Following Hope’s Path: Part XX of a series

Mary Buie

The course ahead is set

EDITOR’S NOTE: In 2013 retired nurse and midwife Mary Buie approached The Expositor with a mission. She had recently been diagnosed with breast cancer and was wondering whether this newspaper would be interested in following her journey as she battled the disease. It was with some trepidation that this paper agreed as the eventual outcome was far from certain to be positive. What followed was an engaging series that leavened a very serious health issue with Ms. Buie’s irrepressible personality. Ms. Buie recently informed The Expositor that she would once again be facing down cancer. The Expositor is restarting the series ‘Following Hope’s Path’ to once again relay the story of her journey.

KAGAWONG – Thanks to a whirlwind battery of tests Mary Buie underwent when her cancer was first detected, the retired nurse and midwife now knows what she is facing. 

“It’s my old cancer back again,” she said, following a telephone interview with The Expositor. “I’ve been busy seeing everybody—doing a lot of virtual appointments—and I have had every scan under the sun which, of course, is what you want.”

Ms. Buie appeared to have defeated triple negative three, the aggressive form of breast cancer she was diagnosed with nearly a decade ago, but the pernicious cancer has apparently resurfaced.

Triple-negative breast cancer is cancer that tests negative for estrogen receptors, progesterone receptors and excess HER2 protein, hence the triple-negative appellation. About 10 to 20 percent of breast cancers fall into this category, a form of cancer that does not respond to hormonal therapy. So Ms. Buie was delighted to hear last week that she would be entering a number of courses of chemotherapy.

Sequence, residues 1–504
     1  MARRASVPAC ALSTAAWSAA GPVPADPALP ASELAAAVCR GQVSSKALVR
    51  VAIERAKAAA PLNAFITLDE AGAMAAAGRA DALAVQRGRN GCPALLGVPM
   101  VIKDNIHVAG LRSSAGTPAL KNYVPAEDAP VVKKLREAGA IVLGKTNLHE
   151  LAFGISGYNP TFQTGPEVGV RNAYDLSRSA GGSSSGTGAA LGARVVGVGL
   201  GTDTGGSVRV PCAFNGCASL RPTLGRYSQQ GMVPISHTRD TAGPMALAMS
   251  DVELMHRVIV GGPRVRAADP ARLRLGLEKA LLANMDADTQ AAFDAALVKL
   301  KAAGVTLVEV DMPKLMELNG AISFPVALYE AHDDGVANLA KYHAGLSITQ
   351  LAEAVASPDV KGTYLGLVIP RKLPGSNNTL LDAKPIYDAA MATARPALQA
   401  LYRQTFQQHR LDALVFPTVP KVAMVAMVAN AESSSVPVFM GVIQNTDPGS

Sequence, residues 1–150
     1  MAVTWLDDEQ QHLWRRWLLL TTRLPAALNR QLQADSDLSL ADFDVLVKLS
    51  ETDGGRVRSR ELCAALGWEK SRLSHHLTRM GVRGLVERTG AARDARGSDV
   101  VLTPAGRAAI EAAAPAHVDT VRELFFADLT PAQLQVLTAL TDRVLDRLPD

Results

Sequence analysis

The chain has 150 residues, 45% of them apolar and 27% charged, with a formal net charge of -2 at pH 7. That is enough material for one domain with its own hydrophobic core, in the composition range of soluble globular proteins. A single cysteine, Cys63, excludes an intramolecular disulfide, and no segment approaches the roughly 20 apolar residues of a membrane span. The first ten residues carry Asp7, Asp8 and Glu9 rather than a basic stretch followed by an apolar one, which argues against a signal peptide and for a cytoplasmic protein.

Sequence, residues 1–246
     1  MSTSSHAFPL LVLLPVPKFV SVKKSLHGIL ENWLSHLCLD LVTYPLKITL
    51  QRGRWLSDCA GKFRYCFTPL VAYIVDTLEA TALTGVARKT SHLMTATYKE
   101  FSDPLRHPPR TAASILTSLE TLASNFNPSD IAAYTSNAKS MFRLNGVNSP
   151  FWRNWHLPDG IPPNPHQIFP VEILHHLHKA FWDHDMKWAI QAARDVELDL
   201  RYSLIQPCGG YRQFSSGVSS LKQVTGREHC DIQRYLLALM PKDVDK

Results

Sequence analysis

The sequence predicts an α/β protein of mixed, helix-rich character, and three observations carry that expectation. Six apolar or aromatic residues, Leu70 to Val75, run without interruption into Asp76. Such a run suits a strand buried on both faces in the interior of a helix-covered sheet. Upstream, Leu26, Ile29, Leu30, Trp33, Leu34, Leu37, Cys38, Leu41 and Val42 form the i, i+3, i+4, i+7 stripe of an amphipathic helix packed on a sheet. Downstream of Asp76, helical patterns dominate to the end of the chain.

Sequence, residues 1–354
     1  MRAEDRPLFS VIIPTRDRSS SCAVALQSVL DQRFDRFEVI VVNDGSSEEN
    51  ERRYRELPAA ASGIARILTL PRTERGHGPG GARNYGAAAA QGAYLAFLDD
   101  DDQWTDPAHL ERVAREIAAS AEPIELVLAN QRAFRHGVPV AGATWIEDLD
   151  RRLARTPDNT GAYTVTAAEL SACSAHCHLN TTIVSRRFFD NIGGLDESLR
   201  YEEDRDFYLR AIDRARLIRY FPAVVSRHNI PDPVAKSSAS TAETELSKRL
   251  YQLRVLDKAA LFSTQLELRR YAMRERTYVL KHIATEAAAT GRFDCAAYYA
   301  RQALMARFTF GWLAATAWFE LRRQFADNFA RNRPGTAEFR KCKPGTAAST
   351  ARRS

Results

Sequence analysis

“So happy to get going on Friday,” she said recently. “Once a week for three weeks then off one, then once a week for three weeks, off for one, then check, then do radiation. Kids will come one at a time to stay with me through this time. We are so blessed!”

Ms. Buie said she remains positive that she will once again wrestle cancer to the ground, but as a lifelong health professional she maintains a realistic balance in her optimism.

“If my cancer is terminal, I want you to follow it to the end because that is the circle of life for so many,” she said a few days before heading into Sudbury for a PET scan. “We have faith and know it is not the end we have eternal life. I really think this is wonderful that The Expositor can journey with us. Life can be stark and cruel and certainly unfair, but it is how we deal with it that is important and it can help others cope.”

Health appointments have changed radically since the advent of the pandemic, she noted.

“Funny when any of us have a cancer diagnosis then we are often doing tests or appointments virtually, or in person, and we get snail mail telling us as well,” she said.

A small amount of the cancer, first detected in a lymph node, has “spread a little bit into the mediastinum.”

The mediastinum lies within the thorax and is enclosed on the right and left by pleurae. It is surrounded by the chest wall in front, the lungs to the sides and the spine at the back. It extends from the sternum (breastbone) in front to the spine and contains all the organs of the thorax except the lungs.